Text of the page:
woman sitting on the road eating froot loops
Photo by Criativithy on Pexels.com

An ominous trend or harmless hearsay?

It’s quite obvious that what we see on these videos are not true but since the audience is such an impressionable age group, it’s quite hard to make them understand. When you regularly see a mukbanger who is thin and fit eating such large amounts of food and still maintaining that health, our perception of fitness can get twisted. Considering that people watch some videos in their free time, they become even more malleable to such thoughts while passively watching such videos. The limited research that has been done in this field supports this fact and it also increases the possibility of internet addiction over time too.

Another roundabout to this issue is that the creators themselves face a lot of issues keeping up their physical image on camera. Either they feel conscious and tend to limit their food or completely avoid it so that they ‘compensate’ for what they eat on camera or they begin binge eating over time. It can lead to a variety of eating disorders like anorexia, bulimia and even obesity, which in turn causes serious problems in the body!

So, could Mukbang cause the next eating disorder epidemic?

Possibly, yes. On the whole, recent data and the feedback from viewers and creators alike does not show a very promising road for the future. It seems like Mukbang could be at the precipice of creating more problems that it intends on and that is becoming increasingly evident with the many studies pointing to the very fact. Since we don’t get to see the behind the scenes of our favourite youtuber’s struggles with eating disorders, we might find that disconnect when we are trying to comprehend it ourselves.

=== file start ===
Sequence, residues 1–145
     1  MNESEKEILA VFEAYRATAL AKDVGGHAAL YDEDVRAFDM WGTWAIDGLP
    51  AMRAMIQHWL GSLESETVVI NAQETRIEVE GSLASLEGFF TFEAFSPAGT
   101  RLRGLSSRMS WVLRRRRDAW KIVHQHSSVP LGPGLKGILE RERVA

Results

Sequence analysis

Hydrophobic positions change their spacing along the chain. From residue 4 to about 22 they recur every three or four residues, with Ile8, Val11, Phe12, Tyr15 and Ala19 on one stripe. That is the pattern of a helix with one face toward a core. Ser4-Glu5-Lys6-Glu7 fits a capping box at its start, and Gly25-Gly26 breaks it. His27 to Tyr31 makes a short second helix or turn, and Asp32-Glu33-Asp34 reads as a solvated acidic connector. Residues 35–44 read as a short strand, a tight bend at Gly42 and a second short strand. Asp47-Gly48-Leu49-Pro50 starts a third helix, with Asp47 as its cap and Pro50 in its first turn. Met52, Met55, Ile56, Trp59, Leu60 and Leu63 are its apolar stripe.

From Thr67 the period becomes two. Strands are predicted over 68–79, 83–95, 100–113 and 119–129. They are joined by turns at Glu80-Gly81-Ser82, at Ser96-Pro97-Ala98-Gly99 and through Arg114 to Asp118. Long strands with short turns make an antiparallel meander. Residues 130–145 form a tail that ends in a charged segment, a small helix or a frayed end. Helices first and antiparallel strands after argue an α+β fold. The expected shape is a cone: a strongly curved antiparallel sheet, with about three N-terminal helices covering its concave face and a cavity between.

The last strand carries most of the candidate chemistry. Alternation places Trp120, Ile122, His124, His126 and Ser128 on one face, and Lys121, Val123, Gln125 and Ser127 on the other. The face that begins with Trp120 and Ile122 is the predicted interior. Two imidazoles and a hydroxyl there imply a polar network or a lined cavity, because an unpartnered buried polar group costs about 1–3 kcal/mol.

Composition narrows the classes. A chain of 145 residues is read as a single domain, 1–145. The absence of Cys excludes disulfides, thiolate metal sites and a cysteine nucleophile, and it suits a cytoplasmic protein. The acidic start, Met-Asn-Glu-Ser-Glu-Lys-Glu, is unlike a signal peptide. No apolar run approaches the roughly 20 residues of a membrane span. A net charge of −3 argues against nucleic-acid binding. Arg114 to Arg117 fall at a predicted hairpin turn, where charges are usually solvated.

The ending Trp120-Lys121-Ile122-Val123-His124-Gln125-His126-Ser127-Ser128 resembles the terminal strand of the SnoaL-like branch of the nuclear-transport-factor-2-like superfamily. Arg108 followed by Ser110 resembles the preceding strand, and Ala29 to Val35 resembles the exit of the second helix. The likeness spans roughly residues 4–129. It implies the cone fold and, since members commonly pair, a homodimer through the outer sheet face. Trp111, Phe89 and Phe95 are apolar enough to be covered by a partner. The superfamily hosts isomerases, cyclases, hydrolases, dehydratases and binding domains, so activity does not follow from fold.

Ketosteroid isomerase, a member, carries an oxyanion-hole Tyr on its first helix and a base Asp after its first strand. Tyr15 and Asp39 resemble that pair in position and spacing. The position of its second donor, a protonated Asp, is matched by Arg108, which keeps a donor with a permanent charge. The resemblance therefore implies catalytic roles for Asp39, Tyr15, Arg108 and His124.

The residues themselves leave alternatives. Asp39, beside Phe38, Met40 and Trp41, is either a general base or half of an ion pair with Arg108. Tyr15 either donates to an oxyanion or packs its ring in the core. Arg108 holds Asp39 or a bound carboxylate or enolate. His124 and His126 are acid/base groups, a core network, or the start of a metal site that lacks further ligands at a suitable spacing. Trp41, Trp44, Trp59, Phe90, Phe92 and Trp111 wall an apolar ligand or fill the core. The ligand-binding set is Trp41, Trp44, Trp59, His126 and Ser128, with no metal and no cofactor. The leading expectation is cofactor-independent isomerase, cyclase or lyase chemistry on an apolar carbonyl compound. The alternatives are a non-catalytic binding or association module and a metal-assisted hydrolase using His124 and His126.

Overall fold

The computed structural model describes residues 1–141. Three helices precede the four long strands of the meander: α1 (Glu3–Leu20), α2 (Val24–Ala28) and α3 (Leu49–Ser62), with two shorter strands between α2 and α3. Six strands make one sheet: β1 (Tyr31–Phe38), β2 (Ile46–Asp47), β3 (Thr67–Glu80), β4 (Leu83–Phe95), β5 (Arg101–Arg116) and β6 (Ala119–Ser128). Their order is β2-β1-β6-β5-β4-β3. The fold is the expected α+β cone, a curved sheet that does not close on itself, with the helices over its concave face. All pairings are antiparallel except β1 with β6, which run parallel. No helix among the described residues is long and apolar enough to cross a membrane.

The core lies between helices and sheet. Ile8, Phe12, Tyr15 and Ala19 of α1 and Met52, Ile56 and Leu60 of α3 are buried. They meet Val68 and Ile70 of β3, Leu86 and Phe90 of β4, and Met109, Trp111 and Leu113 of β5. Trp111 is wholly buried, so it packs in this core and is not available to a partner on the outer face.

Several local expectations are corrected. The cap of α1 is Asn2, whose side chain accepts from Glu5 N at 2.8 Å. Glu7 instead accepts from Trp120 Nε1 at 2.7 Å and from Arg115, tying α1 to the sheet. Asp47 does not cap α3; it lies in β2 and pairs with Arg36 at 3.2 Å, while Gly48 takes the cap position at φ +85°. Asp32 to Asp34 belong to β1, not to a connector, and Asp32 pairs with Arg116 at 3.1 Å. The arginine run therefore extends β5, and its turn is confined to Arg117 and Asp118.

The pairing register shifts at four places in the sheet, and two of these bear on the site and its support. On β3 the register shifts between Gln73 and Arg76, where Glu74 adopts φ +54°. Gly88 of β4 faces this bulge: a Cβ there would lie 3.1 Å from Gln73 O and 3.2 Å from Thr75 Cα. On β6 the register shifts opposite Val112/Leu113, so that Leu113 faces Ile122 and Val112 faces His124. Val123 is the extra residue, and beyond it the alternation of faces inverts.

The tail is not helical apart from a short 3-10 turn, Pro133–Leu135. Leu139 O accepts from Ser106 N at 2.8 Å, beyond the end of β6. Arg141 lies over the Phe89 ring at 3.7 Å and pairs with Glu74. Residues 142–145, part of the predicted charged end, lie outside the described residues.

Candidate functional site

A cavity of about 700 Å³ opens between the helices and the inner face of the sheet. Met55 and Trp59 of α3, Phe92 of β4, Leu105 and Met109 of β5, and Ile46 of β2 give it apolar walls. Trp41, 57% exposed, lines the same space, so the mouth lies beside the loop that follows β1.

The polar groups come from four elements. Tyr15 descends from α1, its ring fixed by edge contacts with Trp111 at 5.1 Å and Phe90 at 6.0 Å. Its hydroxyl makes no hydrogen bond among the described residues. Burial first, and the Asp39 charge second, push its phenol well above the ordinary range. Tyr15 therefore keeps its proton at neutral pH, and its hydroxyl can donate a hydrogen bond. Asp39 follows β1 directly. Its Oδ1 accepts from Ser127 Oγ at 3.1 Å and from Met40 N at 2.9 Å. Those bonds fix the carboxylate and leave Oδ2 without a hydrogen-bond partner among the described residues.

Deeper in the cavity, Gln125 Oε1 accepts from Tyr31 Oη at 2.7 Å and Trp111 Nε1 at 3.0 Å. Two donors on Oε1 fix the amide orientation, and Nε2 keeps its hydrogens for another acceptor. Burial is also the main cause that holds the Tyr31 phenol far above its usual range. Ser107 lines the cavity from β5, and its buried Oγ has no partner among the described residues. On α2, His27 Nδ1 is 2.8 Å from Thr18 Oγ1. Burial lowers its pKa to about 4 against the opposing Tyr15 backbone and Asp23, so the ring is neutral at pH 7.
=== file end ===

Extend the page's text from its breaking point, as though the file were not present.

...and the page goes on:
There is very little information out there about the negative aspects of the phenomenon. We must make sure that we must not take every little thing that we see online as a reflection of reality or else we stand to pull ourselves into a deadly hole of What had once started out as a trend to bring people closer together and form a sense of community online could now very well bring in the next eating disorder epidemic and impact the next generation just as easily.

Keywords: Mukbang, eating disorders, binge eating


  1. Chadha, P. (2020, February 14). The new fad: Mukbang. Retrieved from https://www.psychologs.com/article/the-new-fad-mukbang
  2. Lee, K. (2021, February 12). Mukbang: Exploring Media and the Mind. Retrieved from https://dailycampus.com/2021/02/12/mukbang-exploring-media-and-the-mind/
  3. Matthews, M. (2019, January 18). These Viral ‘Mukbang’ Stars Get Paid to Gorge on Food—at the Expense of Their Bodies. Retrieved from https://www.menshealth.com/health/a25892411/youtube-mukbang-stars-binge-eat/
  4. Quinn, S. (2020, September 11). Are noisy YouTube binge eating videos triggering more than just joy?. Retrieved from https://metro.co.uk/2020/09/11/youtube-asmr-binge-eating-mukbang-videos-triggering-13120714/
  5. Strand, M., & Gustafsson, S. A. (2020). Mukbang and Disordered Eating: A Netnographic Analysis of Online Eating Broadcasts. Culture, medicine and psychiatry, 44(4), 586–609. https://doi.org/10.1007/s11013-020-09674-6
  6. Steinfeld, B., Scott, J., Vilander, G., Marx, L., Quirk, M., Lindberg, J., & Koerner, K. (2015). The role of lean process improvement in implementation of evidence-based practices in behavioral health care. The Journal of Behavioral Health Services & Research, 42(4), 504-518. https://doi.org/10.1007/s11469-020-00309-w